The landslide occurred on the stretch between Muri Mugli and Gami Road, claiming the lives of Christopher Hemram, Abhijit Hemram, Nirmal Hemram, and Lakshminath Kisku.
Arunachal Pradesh Chief Minister Pema Khandu Monday claimed that the proposed funding by international agencies for flood protection measures in the border state was being withdrawn due to objections raised by a ‘neighbour’, an apparent reference to China.
An alternative funding mechanism has been sought from the Centre to mitigate the sufferings of the people affected by the flood, he said in the assembly.
“The state government has appraised the Centre on the issue of non-availability of foreign funding to the state for flood protection measures due to intervention by a neighbour,” the chief minister said.
Although Khandu did not take China’s name, the reference was obvious as Arunachal Pradesh shares a 1,080-km long border with China which has refused to recognise India’s claim on the region.
New Delhi has consistently maintained that the state is an ‘integral’ and ‘inalienable’ part of India.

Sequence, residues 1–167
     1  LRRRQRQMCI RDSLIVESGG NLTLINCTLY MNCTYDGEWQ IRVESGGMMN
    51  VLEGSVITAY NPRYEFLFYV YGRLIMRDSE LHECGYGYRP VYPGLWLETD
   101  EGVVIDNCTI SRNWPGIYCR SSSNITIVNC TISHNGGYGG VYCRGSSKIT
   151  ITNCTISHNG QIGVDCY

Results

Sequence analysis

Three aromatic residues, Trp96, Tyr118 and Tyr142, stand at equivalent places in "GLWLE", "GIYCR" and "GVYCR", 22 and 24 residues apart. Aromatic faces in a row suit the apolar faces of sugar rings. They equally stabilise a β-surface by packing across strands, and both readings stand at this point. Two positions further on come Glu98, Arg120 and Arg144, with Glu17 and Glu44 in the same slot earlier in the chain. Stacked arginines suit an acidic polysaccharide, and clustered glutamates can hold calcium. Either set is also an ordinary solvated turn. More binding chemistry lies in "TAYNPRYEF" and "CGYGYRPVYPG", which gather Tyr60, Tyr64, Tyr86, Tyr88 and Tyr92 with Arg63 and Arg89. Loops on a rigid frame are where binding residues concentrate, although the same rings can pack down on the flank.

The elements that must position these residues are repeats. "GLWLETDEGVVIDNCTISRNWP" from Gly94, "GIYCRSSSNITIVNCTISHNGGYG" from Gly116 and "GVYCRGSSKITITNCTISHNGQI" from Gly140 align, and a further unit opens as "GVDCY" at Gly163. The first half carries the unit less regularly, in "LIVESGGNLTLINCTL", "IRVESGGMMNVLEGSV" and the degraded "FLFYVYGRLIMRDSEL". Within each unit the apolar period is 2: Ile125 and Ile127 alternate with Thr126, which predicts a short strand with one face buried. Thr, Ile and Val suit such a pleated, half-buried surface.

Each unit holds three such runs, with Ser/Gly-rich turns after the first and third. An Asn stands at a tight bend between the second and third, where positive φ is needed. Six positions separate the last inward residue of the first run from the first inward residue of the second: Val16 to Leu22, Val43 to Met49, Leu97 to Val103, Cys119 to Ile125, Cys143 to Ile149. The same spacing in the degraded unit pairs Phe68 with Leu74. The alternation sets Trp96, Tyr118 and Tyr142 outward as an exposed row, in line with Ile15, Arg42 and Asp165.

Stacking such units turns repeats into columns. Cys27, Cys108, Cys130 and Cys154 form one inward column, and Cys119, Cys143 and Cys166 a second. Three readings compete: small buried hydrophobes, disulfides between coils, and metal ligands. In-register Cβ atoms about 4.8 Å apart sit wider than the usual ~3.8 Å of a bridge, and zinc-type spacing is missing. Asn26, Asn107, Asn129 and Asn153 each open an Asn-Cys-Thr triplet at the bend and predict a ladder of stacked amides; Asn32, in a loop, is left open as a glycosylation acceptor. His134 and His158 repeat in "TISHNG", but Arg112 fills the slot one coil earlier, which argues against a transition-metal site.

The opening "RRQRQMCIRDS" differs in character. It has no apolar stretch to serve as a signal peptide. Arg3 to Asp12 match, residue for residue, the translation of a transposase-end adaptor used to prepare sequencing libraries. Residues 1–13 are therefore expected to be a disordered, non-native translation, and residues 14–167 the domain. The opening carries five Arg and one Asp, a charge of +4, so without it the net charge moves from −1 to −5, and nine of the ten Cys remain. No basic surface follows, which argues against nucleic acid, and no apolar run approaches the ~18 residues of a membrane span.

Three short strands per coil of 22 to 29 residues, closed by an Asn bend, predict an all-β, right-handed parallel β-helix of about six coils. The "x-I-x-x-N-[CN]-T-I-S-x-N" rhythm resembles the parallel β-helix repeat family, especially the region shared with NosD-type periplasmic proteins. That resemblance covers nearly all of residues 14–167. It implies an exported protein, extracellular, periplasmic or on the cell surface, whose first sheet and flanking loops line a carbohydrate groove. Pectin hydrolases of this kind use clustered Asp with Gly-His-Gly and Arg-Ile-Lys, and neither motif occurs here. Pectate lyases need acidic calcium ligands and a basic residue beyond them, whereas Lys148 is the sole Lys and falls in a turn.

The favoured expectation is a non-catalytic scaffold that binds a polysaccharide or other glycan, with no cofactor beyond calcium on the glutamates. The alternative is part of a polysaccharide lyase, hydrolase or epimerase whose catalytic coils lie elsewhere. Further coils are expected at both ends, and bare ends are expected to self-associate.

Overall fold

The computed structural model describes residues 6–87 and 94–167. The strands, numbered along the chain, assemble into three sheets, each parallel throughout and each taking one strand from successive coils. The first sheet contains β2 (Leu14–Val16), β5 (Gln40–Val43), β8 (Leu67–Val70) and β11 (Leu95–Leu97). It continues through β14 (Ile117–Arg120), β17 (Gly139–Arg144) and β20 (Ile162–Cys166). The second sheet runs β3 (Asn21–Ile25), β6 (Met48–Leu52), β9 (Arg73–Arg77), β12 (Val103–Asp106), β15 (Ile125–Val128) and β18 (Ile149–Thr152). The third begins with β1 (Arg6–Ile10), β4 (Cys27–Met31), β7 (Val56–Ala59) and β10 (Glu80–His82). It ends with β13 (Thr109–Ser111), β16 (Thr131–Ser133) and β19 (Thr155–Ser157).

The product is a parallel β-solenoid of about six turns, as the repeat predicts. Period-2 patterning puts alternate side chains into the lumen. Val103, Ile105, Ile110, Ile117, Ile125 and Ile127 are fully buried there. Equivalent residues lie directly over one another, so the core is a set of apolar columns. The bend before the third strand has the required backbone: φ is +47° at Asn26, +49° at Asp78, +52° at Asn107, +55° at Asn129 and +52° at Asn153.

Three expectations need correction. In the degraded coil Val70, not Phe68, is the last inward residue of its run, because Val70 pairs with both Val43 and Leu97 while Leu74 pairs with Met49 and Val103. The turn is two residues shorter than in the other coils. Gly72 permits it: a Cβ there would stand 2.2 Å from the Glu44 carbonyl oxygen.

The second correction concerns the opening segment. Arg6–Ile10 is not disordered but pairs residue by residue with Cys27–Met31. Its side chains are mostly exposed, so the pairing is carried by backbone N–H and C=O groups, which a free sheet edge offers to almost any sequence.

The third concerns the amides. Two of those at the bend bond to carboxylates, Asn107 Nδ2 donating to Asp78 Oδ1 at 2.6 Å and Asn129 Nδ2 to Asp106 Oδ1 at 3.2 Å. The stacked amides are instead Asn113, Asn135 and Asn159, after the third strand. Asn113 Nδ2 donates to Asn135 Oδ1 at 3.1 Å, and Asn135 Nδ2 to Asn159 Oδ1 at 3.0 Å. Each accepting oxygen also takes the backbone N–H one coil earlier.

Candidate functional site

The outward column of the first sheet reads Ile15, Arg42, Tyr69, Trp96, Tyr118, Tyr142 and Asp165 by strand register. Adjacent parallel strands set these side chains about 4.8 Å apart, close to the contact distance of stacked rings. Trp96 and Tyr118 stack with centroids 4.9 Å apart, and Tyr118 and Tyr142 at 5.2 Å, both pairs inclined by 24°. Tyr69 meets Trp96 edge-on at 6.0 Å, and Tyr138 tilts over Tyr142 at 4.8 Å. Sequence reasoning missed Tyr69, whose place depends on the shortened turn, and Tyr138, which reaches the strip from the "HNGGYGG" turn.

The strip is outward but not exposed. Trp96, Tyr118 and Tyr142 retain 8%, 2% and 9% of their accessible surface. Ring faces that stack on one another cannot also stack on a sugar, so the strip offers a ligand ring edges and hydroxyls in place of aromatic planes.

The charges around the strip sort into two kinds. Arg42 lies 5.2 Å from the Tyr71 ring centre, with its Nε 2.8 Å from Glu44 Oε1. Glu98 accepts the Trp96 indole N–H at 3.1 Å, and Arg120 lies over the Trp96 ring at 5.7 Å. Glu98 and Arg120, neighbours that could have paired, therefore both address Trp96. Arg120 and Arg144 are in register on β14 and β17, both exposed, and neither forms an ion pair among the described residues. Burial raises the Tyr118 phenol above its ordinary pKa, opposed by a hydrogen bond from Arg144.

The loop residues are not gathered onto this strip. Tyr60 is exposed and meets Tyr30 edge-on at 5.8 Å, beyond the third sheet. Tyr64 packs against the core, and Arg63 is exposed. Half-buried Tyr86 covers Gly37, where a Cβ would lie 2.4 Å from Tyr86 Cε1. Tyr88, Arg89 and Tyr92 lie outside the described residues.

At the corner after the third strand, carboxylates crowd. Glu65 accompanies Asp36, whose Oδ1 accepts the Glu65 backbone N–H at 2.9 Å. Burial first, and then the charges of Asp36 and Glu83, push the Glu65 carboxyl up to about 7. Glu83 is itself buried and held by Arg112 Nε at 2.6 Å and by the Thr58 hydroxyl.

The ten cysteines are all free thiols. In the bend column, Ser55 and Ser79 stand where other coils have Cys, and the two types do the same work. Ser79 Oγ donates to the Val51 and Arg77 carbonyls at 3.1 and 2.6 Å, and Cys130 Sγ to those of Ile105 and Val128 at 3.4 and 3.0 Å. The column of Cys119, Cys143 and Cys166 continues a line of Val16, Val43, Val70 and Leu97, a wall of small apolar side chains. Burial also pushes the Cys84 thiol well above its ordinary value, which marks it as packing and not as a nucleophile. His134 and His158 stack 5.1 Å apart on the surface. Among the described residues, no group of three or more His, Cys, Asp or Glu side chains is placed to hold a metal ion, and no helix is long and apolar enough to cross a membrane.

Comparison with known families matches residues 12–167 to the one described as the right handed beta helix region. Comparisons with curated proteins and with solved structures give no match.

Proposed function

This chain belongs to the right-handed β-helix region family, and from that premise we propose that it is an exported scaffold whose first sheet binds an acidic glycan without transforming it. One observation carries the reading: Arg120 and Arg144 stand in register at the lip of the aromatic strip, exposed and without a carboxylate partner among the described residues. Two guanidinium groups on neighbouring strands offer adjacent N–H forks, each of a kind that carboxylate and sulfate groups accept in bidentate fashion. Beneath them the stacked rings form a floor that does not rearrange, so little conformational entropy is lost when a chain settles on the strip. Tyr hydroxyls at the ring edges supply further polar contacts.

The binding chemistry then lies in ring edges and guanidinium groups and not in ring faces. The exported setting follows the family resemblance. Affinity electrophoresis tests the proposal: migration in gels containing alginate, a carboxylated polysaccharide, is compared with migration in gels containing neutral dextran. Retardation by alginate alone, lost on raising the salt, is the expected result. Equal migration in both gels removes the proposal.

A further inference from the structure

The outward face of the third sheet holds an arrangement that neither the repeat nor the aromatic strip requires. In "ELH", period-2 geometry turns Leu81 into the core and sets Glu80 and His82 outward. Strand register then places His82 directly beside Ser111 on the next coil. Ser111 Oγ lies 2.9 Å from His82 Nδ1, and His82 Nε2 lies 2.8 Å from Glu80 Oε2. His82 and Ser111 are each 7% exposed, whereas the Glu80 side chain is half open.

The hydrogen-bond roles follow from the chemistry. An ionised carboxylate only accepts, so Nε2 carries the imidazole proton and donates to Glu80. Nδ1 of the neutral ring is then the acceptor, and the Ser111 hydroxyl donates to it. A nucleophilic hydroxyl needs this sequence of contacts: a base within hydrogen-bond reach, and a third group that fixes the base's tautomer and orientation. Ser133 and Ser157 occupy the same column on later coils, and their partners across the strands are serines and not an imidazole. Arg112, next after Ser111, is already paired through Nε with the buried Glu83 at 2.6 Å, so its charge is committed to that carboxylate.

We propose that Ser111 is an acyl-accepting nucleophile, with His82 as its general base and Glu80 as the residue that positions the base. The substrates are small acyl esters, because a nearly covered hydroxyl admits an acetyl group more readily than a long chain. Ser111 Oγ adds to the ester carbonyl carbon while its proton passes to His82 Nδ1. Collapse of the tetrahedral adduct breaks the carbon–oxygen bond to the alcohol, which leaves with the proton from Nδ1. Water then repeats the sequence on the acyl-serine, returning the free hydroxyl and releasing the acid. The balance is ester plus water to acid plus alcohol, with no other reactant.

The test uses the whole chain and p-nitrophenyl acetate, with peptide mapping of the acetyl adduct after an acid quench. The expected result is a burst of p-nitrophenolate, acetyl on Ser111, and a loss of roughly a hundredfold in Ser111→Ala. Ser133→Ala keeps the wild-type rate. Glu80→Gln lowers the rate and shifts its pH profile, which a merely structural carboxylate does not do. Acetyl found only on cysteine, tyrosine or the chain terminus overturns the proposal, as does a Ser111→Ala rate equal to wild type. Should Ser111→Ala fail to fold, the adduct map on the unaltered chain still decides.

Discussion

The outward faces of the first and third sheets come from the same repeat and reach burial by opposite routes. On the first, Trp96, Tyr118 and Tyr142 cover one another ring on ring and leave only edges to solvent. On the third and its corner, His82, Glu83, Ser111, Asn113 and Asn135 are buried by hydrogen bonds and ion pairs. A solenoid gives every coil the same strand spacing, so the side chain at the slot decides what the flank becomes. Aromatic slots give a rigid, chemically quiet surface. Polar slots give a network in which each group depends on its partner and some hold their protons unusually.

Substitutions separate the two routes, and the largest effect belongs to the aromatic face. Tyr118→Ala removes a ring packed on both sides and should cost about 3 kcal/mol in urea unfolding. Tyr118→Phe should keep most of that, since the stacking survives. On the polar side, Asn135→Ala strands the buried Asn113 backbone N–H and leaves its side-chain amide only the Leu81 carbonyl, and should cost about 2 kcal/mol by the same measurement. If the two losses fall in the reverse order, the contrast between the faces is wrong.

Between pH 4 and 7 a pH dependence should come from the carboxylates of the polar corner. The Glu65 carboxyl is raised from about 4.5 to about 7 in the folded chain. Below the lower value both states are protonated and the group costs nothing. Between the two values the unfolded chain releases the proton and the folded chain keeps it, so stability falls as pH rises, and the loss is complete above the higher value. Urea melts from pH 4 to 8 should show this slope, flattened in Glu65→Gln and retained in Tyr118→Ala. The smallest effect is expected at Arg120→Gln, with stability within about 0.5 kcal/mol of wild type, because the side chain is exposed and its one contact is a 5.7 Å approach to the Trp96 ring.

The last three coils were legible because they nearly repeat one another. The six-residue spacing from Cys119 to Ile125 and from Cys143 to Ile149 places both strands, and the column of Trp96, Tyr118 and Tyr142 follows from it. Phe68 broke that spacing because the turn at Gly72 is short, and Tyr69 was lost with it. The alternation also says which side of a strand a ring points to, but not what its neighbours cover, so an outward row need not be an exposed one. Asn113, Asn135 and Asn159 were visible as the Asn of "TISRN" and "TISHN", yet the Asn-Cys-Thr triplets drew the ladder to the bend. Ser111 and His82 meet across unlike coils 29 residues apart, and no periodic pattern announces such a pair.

Khandu did not cite any specific instance of foreign funding getting blocked, but official sources said proposals by the Asian Development Bank (ADB), World Bank and Japan International Cooperation Agency (JICA) for flood protection projects were withdrawn following objections raised by China during the past several years.
Responding to a question raised during the Question Hour by Ninong Ering of the Congress, he said the state government had already submitted proposals to the Centre for funds to cope up with the flood problem in the state.
The chief minister said the funds allocated by the Centre under the Flood Damage Relief (FDR) schemes were not adequate and the state would soon take up the matter with NITI Aayog so that additional funds could be availed.
Earlier, referring to the reported move of China to build a 1,000 km long tunnel to divert water from the Brahmaputra river – known as Siang in Arunachal Pradesh – to the parched Xinjiang region, Ering sought to know the steps taken by the state government to counter this. Water Resources Minister Mama Natung said there was no official information on such a development.
He, however, stated that since 50 per cent of the drainage area of the Brahmaputra is in China, the state government can do little to contain the occurrence of floods in the state.
Replying to another supplementary, Natung informed the House that due to discontinuation of Flood Management Programme by the Centre and lack of state funding on flood management, no tangible steps could be taken up so far.
“Under the Pradhan Mantri Krishi Sinchayee Yojana, the state government has forwarded proposals for 109 schemes to the Centre through the District Irrigation Project for flood protection and irrigation,” he added.